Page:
Town Board Asks for Army Corps Analysis

Request adds geotubes, ignores Ditch Plain

    East Hampton Town will ask the Army Corps of Engineers, which is analyzing the options for a federally funded beach restoration project in Montauk,  to examine the use of sand-filled geotextile tubes to stabilize the beach in addition to the options that the Corps had presented last month, such as using sand alone or installing a buried seawall. A split, 4-to-1, vote on a resolution introduced by Councilwoman Theresa Quigley took place at the tail end of a lengthy meeting last Thursday night.

    The resolution ignores a request from the Montauk Citizens Advisory Committee that the town ask the Corps to consider including the Ditch Plain beach in the project, which would be paid for with federal funding. Some board members had previously suggested that the town borrow money for sand restoration at Ditch, and Councilman Dominick Stanzione has asked that the project be included in a draft capital budget being prepared by the town budget officer, Len Bernard.

    The resolution also ignores a request by Councilwoman Sylvia Overby and Councilman Peter Van Scoyoc that shoreline retreat — by acquiring the hotels on the threatened stretch of downtown beach through purchase or eminent domain — also be seriously considered.

    Mr. Van Scoyoc cast the no vote against the resolution, objecting “to the late hour” and what he said was dealing with “probably the most important topic that we will address in our tenure” in a “cavalier” manner. He noted that the board had, at a work session two days earlier, discussed sending a letter to the Corps but could not agree on doing so.

    “I had a change of heart and spoke to Bill about it,” Ms. Quigley said, referring to Supervisor Bill Wilkinson. “I thank you,” Councilman Dominick Stanzione told Mr. Wilkinson. “Excellent option.”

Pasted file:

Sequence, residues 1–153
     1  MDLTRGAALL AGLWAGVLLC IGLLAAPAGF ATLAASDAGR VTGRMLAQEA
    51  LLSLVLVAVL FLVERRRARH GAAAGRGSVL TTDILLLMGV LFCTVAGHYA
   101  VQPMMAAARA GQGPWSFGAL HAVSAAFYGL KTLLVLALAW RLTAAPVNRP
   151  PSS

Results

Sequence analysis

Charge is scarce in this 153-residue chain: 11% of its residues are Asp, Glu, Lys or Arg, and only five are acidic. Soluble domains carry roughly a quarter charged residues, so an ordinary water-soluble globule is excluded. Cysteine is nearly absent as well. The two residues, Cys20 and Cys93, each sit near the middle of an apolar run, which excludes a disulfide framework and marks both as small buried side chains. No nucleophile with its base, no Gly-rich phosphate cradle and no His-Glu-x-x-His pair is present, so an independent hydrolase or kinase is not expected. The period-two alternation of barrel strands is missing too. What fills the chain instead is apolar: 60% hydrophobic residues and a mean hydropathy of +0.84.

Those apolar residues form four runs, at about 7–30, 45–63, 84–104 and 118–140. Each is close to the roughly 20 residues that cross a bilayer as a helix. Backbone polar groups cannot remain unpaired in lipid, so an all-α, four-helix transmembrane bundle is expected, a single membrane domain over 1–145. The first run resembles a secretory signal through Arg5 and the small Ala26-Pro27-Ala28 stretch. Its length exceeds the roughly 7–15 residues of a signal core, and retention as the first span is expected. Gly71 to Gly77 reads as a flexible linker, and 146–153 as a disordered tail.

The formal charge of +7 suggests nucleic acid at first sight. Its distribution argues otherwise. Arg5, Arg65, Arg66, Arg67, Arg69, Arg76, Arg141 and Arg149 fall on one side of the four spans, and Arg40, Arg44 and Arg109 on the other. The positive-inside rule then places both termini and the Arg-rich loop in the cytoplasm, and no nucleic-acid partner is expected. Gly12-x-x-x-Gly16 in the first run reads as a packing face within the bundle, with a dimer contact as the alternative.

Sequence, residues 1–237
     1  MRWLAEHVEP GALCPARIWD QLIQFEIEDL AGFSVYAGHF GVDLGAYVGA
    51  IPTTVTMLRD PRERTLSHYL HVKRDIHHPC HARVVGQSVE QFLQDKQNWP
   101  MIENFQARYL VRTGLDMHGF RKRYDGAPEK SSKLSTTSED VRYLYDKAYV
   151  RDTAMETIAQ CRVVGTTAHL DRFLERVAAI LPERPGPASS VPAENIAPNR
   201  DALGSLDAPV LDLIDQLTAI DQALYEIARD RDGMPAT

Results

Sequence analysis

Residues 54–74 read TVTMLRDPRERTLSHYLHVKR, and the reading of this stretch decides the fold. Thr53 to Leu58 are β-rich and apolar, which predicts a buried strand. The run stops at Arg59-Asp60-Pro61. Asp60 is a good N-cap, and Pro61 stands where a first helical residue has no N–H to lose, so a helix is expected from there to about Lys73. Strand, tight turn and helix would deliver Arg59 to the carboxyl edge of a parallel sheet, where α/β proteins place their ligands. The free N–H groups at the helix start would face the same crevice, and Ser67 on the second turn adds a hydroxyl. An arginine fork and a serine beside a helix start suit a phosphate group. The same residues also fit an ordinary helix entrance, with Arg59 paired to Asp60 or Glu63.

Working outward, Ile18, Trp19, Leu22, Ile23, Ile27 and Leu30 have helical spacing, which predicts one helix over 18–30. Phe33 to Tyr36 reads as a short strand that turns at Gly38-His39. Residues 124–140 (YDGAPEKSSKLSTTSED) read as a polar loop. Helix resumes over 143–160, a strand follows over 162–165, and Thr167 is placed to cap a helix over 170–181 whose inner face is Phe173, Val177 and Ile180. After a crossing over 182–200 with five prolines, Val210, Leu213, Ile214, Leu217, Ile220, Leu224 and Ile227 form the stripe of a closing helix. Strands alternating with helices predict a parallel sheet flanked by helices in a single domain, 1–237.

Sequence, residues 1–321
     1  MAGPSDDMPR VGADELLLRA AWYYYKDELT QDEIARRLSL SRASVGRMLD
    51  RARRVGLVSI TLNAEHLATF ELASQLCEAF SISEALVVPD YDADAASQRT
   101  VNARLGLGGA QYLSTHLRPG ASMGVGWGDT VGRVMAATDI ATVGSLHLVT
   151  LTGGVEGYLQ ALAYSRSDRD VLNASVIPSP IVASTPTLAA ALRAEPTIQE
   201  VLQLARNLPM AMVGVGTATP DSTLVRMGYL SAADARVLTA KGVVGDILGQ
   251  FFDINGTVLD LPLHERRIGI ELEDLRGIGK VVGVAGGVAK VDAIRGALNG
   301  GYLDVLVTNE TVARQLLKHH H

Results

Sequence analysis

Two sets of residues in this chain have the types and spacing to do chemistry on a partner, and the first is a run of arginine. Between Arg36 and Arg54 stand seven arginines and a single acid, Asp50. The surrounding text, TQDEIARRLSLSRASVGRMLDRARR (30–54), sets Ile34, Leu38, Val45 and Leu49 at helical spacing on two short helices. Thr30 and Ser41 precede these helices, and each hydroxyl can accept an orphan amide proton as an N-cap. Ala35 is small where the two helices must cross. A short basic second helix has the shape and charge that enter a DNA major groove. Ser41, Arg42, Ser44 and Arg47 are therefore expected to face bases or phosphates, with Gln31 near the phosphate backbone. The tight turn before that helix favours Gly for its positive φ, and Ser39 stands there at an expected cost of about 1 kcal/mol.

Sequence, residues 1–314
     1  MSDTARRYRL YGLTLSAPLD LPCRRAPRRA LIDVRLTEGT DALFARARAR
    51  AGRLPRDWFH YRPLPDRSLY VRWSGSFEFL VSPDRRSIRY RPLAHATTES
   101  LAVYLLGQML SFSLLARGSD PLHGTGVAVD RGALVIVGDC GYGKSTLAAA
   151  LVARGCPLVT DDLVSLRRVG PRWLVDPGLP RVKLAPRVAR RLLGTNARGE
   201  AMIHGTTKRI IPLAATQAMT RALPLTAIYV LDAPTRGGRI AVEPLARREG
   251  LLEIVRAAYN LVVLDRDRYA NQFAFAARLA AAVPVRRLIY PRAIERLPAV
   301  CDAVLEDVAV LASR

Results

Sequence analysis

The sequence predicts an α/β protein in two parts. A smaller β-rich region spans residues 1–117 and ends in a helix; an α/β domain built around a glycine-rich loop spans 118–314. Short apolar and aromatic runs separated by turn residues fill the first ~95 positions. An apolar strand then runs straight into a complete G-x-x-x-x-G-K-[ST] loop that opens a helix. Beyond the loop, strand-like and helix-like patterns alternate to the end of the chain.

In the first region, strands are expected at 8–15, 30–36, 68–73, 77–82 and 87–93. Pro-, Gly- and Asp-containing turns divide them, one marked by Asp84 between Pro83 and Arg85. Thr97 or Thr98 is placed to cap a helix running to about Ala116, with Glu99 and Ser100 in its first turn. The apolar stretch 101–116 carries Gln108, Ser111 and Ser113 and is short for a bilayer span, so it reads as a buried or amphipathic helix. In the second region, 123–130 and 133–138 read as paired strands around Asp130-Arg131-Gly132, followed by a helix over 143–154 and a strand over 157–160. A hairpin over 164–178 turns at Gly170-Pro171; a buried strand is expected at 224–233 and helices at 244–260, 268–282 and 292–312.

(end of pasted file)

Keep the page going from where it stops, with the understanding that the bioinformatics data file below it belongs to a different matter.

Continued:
Councilwoman Overby voted for the resolution, but said she was upset that it did not include a request that work at Ditch Plain be considered. She noted that the resolution “wasn’t in the packet for the public to see” and criticized what she called the “continuing negotiation behind closed doors that’s going on.”

    “This is not a new topic,” Ms. Quigley replied. “But if it had been in the packet there might have been public comment on it,” Ms. Overby said. “There has been plenty of public comment on it,” Ms. Quigley responded.

    Mr. Van Scoyoc said he would like to have the Army Corps complete its analysis of all the options it had presented, excluding the installation of groins, but including the possibility of rebuilding the beach, with a dune built where some hotels are now located.

    “The Corps told us relocation was not a viable option,” Supervisor Wilkinson said. “Actually, I didn’t hear that,” Mr. Van Scoyoc said. They were referring to a  Sept. 26 briefing by Steve Couch of the Corps, who had said that, though the initial cost of acquiring and relocating the hotels, which would be covered by federal funds, would be high, later beach maintenance costs would be lower, offsetting the investment.

    That strategy, Mr. Couch told the board, is being used on Fire Island and is being considered by Brookhaven Town. However, he said, he was unsure if such a project would meet the cost-benefit ratio analysis applied by the Corps.

    “Relocation should absolutely not be focused on,” Ms. Quigley said last week. “It’s a completely unviable option.”